The U.S. State Department has brought a group of diplomats home from Guangzhou, China, over concern they were suffering from a mysterious malady that resembles a brain injury and has already affected U.S. personnel in Cuba, a spokeswoman said.
In China, one diplomat who experienced the symptoms left in April; this week, another American and his family left to return to the United States for treatment and testing. A spokesperson for the State Department confirmed to The Associated Press that "a number of individuals" had been brought to the USA for further testing.
According to experts who studied the previous cases in Cuba, those afflicted so far in Cuba and Guangzhou - suffered injuries consistent with a concussion without ever having received a blow to the head.
The Americans who were evacuated worked at the US Consulate in the southern city of Guangzhou, and their colleagues and family members are being tested by a State Department medical team, officials said. The U.S. also expelled 15 Cuban officials from its embassy in Washington.
Washington has said in the past that Cuban authorities must take responsibility for the safety of U.S. diplomats on their soil, but the Havana government denies any knowledge of an attack.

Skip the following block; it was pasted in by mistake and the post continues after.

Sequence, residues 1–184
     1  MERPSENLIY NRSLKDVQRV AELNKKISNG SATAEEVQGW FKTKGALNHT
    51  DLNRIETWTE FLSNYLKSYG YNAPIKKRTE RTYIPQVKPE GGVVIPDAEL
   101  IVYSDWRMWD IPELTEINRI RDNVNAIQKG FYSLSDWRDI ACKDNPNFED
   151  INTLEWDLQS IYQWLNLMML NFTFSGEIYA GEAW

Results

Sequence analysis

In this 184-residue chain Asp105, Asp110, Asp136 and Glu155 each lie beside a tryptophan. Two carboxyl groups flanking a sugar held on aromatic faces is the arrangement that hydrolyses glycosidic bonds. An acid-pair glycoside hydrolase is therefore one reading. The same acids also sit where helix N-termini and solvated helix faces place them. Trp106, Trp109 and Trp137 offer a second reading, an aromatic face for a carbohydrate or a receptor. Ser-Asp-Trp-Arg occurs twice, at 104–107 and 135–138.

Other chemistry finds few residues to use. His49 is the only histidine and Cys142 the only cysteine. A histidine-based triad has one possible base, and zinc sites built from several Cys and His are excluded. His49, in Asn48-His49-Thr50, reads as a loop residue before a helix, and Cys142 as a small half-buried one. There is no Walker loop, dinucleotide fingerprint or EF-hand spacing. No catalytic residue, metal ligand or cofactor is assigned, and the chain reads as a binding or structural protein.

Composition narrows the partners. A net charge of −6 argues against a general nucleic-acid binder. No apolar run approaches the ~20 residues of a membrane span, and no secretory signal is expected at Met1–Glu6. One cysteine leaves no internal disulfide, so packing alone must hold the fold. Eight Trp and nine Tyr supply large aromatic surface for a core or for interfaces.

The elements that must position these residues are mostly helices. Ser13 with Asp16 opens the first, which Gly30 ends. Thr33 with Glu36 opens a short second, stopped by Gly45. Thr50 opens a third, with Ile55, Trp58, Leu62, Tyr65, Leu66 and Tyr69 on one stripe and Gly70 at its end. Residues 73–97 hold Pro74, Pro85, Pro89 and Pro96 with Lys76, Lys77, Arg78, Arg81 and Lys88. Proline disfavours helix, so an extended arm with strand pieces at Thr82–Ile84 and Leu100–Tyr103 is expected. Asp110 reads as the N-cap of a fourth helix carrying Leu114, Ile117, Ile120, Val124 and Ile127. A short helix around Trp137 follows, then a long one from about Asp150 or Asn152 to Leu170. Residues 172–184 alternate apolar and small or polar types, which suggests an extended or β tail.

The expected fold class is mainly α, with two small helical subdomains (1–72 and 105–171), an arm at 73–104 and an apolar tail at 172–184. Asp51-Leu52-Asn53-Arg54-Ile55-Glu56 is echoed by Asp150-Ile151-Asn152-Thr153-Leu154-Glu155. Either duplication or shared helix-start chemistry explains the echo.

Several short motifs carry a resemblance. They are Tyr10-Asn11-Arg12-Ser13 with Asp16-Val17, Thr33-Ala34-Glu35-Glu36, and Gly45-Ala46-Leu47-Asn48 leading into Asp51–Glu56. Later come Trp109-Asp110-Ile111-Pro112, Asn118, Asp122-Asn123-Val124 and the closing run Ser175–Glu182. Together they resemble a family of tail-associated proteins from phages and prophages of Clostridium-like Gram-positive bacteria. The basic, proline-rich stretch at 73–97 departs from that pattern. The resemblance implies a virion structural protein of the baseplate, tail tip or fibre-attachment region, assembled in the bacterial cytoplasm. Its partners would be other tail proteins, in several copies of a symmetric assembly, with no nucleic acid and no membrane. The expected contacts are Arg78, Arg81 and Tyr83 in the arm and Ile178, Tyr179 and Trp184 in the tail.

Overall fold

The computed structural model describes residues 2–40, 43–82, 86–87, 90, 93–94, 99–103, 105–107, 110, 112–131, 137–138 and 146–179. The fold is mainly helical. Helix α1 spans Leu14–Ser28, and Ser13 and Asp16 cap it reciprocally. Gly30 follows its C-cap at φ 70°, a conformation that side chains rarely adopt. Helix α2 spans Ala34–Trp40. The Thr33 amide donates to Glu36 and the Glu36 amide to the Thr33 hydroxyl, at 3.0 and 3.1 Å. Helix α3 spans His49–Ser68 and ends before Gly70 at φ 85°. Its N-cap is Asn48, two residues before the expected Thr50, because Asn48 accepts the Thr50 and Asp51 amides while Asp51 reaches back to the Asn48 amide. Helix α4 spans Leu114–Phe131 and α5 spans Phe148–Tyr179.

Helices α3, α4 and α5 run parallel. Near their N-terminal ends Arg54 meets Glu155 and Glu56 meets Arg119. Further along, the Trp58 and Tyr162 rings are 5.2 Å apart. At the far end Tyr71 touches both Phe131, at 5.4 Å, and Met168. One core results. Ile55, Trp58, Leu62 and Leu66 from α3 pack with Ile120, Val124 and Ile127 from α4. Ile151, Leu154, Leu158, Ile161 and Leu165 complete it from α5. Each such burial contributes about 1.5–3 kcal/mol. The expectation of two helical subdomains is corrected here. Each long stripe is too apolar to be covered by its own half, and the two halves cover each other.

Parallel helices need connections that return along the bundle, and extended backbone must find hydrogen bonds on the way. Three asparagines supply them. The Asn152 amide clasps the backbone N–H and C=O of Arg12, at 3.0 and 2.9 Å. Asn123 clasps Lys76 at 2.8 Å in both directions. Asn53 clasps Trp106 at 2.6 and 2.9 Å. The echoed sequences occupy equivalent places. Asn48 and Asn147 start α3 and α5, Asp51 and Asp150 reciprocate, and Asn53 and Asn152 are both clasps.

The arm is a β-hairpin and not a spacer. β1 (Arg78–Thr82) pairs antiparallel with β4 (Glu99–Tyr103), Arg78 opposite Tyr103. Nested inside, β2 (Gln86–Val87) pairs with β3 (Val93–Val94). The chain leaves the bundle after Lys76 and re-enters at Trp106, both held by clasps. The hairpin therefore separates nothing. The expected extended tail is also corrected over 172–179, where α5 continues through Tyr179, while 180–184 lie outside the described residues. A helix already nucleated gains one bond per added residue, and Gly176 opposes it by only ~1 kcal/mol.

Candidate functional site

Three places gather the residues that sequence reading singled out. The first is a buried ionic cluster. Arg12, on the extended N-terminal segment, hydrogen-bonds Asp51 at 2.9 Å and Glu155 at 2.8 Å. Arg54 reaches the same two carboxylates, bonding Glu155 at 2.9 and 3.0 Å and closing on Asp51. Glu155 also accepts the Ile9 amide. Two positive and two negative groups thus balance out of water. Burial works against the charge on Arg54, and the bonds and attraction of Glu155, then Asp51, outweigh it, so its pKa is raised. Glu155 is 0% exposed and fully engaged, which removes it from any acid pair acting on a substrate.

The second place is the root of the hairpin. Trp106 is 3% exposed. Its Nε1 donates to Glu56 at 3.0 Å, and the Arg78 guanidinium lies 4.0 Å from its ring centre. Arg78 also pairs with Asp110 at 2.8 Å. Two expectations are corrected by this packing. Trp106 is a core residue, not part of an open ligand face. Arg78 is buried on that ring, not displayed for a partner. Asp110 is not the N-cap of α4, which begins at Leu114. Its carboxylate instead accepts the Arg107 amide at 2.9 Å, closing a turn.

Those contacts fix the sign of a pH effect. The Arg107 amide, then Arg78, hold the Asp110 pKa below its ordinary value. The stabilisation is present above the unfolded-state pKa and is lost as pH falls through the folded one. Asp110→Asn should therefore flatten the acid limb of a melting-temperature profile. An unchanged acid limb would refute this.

Reacting to the reports of the mysterious sound attacks on the U.S. diplomats, Foreign Ministry spokesperson Hua Chunying told a media briefing on Thursday that Beijing had investigated the May 23 allegation and found no clue.
Symptoms have included dizziness, headaches and an inability to concentrate.
Security guards outside the Guangzhou consulate checked reporter's IDs on Thursday and told them to leave the area and not attempt to talk to consulate staff.
Secretary of State Mike Pompeo released a statement on Tuesday saying the department established a task force last month "to direct a multi-agency response to the unexplained health incidents". "If there is really some problem, U.S. can directly connect and communicate with China and China will adopt a responsible attitude to investigate this", she said.
China earlier said it had looked into the case announced last month but came up with no clues about the cause of the symptoms.
People working in Canton Place, a few kilometers (miles) from the consulate said they were just hearing about the incidents, reflecting a lack of coverage in China's entirely state-controlled media.
The State Department has said it suspects the stricken diplomats in Cuba were purposely targeted for an attack.
Aled Williams, a British teacher at a kindergarten said Thursday that the reports sounded "sci-fi-ish".
"It's very odd. But I don't feel that there's something to be very afraid of because it's probably a very special case", Chen said.
"Relevant authorities of China have conducted investigations and given the feedback to the US. But I don't feel that there's something to be very afraid of because it's probably a very special case", Chen said.